Reviewby Carlo Santos,
Love Attack: Junai Tokko Taicho!
High-schooler Chiemi Yusa has a way of getting herself into fights—and now she's just one brawl away from getting expelled. However, Chiemi's teacher cuts her a deal: help clean up the act of Akifumi Hirata, the toughest guy in school, and Chiemi will be allowed to stay. Her no-nonsense attitude quickly beats Hirata into shape, but another complication arises: he's fallen in love with her! Suddenly this couple brought together by violence must deal with first dates, jealousy, and all the other trappings of love.
Oh, if only high school worked out as easily as it does in Love Attack. If only the resident school bully were actually a hard-working, sensitive guy on the inside, and if only the one person who could tame him happened to be a beautiful, strong-willed girl. It's no secret that the setup for this love comedy is highly improbable, but it takes that improbability and runs with it, creating an endless stream of energy and hilarity. Whatever it is they put in Shizuru Seino's coffee, it must be working, as this spin on high-school love is way more fun than most other variations on the theme. Highly appealing characters, straight-to-the-point artwork, and perfectly timed comedy situations—what more could you ask?
Split into three relatively long chapters, this volume moves fastest in its first 50 pages, establishing the plot for the rest of the series. It's probably the only point in the book where the pacing doesn't feel quite right: Chiemi's near-expulsion, her taming of Hirata, and their subsequent falling in love all happen so quickly that the storyline never gets a chance to breathe. Oddly enough, Chapter 1 resolves so well that it feels almost like a one-shot that eventually got converted into a series. From Chapter 2 onwards, though, the rhythm flows much better, especially with the joke material: when Chiemi's friends shove a trashy magazine into her hands, she starts to wonder if Hirata wants a more physical relationship, leading to a brilliant sequence of dirty-minded gags that treads the thin line between innocence and vulgarity.
This parade of high school hijinks wouldn't be half as effective were it not for the strongly defined characters: Chiemi's toughness and energy add a lot of kick to the usual shoujo heroine, and Hirata's sensitive interior (clichéd as it may be) helps to balance out his tough-guy persona. Pairing up two very similar characters may seem to go against traditional storytelling theory, but it really works in this scenario—our two romantic leads look out for each other and beat up any would-be challengers. It's not all sunshine and roses, though: jealousy crops up in the third and longest chapter, when Chiemi's clingy cousin appears and starts stealing her time away from Hirata. The first fight between the couple brings new depth to the relationship, even if the resolution to the final chapter is perhaps a little too long and ridiculous.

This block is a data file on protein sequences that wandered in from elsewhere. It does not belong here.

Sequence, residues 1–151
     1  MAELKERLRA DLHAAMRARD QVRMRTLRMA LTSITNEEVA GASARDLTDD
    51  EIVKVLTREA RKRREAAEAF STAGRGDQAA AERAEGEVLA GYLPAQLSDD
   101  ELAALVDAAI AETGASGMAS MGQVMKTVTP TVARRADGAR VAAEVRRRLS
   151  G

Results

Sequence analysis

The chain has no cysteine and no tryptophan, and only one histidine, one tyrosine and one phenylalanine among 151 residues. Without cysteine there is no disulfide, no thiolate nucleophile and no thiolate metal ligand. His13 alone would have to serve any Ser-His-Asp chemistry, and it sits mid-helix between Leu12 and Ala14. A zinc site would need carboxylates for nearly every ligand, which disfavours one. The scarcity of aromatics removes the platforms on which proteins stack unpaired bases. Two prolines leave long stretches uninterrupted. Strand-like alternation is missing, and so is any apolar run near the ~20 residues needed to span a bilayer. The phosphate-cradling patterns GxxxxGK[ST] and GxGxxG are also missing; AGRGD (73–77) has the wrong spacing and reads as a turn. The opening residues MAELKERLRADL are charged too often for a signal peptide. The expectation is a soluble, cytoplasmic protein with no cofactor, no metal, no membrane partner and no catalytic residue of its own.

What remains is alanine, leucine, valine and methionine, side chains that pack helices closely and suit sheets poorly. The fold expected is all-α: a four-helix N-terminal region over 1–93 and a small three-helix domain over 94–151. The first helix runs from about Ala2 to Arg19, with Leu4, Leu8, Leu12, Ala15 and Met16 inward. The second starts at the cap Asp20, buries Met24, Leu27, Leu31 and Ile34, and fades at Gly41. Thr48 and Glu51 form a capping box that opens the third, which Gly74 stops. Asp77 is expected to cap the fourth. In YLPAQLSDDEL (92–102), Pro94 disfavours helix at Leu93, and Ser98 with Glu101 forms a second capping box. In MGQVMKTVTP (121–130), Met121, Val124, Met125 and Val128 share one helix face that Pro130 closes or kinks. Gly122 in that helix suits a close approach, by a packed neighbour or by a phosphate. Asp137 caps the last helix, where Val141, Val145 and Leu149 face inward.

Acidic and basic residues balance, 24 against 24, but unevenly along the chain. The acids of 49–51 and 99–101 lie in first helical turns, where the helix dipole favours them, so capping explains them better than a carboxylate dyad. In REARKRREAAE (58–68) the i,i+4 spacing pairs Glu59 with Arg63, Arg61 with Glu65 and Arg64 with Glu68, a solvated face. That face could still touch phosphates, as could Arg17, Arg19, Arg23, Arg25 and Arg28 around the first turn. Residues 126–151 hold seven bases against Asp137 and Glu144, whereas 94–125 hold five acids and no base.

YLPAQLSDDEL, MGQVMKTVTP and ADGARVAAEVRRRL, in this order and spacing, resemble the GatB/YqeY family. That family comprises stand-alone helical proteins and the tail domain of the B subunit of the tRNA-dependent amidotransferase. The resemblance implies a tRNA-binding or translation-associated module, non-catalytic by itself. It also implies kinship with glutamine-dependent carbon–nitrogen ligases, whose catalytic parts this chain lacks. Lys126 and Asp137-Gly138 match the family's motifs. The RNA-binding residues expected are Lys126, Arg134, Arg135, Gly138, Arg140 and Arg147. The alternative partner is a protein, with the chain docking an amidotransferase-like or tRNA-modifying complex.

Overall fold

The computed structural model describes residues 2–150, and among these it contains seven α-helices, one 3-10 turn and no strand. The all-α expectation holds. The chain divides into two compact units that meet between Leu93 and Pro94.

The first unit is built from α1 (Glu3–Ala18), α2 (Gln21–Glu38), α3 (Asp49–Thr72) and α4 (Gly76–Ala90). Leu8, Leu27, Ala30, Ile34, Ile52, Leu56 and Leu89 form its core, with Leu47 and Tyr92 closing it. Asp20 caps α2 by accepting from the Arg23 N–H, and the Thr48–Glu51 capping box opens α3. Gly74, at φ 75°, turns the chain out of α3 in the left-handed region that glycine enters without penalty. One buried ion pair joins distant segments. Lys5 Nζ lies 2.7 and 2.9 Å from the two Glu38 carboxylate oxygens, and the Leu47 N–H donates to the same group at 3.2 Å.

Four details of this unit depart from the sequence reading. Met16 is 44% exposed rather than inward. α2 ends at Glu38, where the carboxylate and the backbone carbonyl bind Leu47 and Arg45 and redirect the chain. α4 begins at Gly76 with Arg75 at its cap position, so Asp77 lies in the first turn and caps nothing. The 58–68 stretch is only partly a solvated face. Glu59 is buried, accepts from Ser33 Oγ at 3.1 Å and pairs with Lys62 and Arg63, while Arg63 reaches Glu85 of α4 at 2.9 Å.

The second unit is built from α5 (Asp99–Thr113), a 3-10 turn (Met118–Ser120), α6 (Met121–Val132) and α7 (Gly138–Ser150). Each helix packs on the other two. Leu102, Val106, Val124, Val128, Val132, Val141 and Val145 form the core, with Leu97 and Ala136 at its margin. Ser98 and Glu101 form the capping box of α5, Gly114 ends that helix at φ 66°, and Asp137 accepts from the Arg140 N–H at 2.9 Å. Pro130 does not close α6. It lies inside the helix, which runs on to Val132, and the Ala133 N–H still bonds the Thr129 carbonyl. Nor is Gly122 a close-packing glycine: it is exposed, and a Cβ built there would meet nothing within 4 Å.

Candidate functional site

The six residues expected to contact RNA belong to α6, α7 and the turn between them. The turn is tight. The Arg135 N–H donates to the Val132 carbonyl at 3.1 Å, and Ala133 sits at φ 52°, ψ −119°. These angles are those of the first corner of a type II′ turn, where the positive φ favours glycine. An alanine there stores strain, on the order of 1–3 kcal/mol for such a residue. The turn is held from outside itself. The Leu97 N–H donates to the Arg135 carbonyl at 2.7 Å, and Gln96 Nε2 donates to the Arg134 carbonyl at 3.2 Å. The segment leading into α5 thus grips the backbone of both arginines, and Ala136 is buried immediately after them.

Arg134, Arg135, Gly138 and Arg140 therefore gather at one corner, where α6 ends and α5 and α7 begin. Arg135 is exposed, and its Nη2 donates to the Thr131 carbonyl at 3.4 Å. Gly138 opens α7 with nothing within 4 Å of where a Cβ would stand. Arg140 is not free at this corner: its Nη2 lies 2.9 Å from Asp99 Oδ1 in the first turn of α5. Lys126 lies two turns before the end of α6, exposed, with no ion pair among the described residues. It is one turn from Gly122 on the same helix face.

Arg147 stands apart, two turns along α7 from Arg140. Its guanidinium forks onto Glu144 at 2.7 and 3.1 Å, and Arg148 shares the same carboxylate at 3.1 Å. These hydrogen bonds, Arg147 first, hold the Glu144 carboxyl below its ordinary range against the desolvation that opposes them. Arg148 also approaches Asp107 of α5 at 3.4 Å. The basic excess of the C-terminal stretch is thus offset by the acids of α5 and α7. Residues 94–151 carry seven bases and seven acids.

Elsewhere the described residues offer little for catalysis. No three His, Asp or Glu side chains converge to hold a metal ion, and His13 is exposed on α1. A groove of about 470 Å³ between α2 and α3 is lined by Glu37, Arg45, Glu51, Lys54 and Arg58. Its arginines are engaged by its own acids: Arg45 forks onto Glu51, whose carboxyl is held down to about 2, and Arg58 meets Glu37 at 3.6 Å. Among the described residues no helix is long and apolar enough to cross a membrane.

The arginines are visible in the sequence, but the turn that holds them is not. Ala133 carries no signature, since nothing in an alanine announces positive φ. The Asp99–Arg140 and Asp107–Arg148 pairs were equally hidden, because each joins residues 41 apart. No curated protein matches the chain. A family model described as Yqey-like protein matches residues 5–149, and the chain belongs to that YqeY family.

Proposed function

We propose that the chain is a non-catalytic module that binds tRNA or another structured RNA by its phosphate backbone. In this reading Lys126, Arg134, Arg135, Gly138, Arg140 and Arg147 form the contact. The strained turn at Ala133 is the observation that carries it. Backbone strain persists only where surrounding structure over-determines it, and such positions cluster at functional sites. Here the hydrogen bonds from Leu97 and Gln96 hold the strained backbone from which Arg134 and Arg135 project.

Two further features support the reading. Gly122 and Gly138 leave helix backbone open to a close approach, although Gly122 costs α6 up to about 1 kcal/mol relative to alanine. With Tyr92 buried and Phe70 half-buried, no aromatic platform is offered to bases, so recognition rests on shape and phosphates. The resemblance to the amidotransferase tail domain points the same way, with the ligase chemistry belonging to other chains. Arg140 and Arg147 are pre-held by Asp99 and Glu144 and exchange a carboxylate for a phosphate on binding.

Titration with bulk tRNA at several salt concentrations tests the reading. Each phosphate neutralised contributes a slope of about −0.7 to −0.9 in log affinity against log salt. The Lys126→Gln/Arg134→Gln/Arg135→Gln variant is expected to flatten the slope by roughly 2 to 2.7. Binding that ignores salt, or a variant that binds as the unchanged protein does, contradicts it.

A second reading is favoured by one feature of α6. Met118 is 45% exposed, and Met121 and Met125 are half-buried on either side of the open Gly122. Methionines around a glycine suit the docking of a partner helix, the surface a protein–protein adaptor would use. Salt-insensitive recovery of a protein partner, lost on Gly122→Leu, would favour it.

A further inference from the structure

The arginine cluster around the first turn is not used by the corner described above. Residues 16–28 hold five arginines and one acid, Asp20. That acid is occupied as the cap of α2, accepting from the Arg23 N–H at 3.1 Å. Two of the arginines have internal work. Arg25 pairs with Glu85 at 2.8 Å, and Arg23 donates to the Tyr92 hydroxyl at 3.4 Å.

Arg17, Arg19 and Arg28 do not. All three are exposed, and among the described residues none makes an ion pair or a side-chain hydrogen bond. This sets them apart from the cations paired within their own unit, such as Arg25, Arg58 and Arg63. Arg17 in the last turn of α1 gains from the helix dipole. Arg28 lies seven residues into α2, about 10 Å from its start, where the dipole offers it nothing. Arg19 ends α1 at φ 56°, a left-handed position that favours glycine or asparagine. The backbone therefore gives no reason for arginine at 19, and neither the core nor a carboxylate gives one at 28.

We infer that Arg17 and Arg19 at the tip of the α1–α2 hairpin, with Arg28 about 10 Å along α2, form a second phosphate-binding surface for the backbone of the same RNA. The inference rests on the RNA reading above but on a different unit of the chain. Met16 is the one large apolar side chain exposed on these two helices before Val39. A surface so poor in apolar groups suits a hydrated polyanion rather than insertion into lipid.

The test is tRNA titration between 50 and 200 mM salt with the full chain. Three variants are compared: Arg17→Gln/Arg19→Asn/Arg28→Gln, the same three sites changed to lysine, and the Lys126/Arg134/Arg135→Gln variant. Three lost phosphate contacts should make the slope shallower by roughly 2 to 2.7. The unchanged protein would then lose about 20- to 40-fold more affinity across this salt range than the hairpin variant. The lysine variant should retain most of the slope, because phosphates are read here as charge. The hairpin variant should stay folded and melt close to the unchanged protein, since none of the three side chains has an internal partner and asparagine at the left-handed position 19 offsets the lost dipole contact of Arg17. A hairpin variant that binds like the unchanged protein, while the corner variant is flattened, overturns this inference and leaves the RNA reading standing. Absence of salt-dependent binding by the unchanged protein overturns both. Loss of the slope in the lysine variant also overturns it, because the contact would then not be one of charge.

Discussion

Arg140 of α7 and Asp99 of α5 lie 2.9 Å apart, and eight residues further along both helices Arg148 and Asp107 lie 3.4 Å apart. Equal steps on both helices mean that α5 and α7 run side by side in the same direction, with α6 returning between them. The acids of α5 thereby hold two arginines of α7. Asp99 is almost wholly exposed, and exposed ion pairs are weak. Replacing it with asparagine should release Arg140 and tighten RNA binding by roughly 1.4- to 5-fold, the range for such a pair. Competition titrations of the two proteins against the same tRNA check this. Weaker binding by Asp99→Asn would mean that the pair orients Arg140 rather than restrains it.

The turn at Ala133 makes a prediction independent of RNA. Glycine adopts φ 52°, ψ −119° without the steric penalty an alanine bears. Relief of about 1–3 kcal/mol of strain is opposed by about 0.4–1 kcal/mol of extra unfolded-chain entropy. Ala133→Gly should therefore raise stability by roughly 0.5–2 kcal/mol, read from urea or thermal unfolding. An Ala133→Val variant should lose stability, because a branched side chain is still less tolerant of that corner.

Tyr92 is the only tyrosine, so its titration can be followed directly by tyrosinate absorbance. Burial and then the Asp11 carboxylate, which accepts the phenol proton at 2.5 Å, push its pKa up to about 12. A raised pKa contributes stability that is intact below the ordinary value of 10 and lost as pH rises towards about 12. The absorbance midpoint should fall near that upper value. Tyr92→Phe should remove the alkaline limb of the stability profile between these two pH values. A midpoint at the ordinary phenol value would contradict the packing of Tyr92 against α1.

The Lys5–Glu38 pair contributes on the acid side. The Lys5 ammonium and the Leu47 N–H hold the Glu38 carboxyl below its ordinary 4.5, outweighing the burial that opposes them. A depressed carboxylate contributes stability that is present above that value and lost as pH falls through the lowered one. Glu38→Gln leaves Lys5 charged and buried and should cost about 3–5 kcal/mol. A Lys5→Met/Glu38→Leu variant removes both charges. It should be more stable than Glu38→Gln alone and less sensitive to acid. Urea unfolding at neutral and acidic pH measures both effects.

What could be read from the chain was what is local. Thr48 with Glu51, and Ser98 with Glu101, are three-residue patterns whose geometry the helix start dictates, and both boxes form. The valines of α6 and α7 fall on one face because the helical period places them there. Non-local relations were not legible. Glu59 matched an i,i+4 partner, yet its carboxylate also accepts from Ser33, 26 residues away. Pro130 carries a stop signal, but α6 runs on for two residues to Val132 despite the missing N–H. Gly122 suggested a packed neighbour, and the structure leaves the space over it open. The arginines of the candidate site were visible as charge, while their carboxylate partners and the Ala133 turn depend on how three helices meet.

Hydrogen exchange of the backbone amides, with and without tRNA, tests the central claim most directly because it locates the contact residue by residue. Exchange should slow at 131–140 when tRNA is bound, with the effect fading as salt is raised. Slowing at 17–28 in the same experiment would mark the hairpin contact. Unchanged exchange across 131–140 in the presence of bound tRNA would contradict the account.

In a story where the characters and humor are uppermost, it's essential that the art be nearly "invisible"—that is, straightforward enough that the reader never stops to wonder what they're looking at. That's where the clean, mainstream style of Love Attack succeeds, with its well-defined variety of character designs and easy-to-follow layouts. It's hard to forget Hirata's trademark bandana or Chiemi's flying kicks, and there's something so satisfying about a manga artist who knows how to time a comedy punchline behind a page turn. (Even more satisfying are the crazy reaction faces when something funny happens.) Action scenes are also perfectly paced and full of energy—exaggerated perspective and tilted angles galore, as if someone had studied a fighting manga and figured out how to apply it to a more domestic context. While other school romances get hampered by too many background patterns or weak linework or character clutter, this is one series where the art actually does what it's supposed to do: tell the story.
The lively writing style of this manga adds the final touch to the humor, as the characters aren't afraid to speak in direct terms. It may not be on the level of high wordplay or one-liners, but the dialogue has plenty of wit to go around—just look at all the wacky things Chiemi says to herself when she starts worrying about the issue of Hirata getting physical with her. Clearly, this is not the most direct translation out there (attentive readers will spot a distinct Americanism or two), but the sheer entertainment value of the dialogue makes up for it. However, that's about the furthest extent of this volume's translation efforts; sound effects are left untranslated and there's no bonus content or cultural background material. Pick it up for some fun reading, but don't expect a collector's edition or anything.
It's easy to get burned out on the high-school romantic comedy genre and say that they're all the same identical trash with different characters and situations just shuffled around. But then you'd miss shining examples like Love Attack, which in its first volume is already rising above the rest with its memorable characters and wildly violent sense of humor. It may not have the deepest story, the most intricate plot, or the most innovative art, but my goodness, if it isn't just a whole lot of fun. And that's more than can be said about most manga these days.
Overall : B+
Story : B+
Art : B
+ A great cast of characters and energetic humor make for very entertaining reading.
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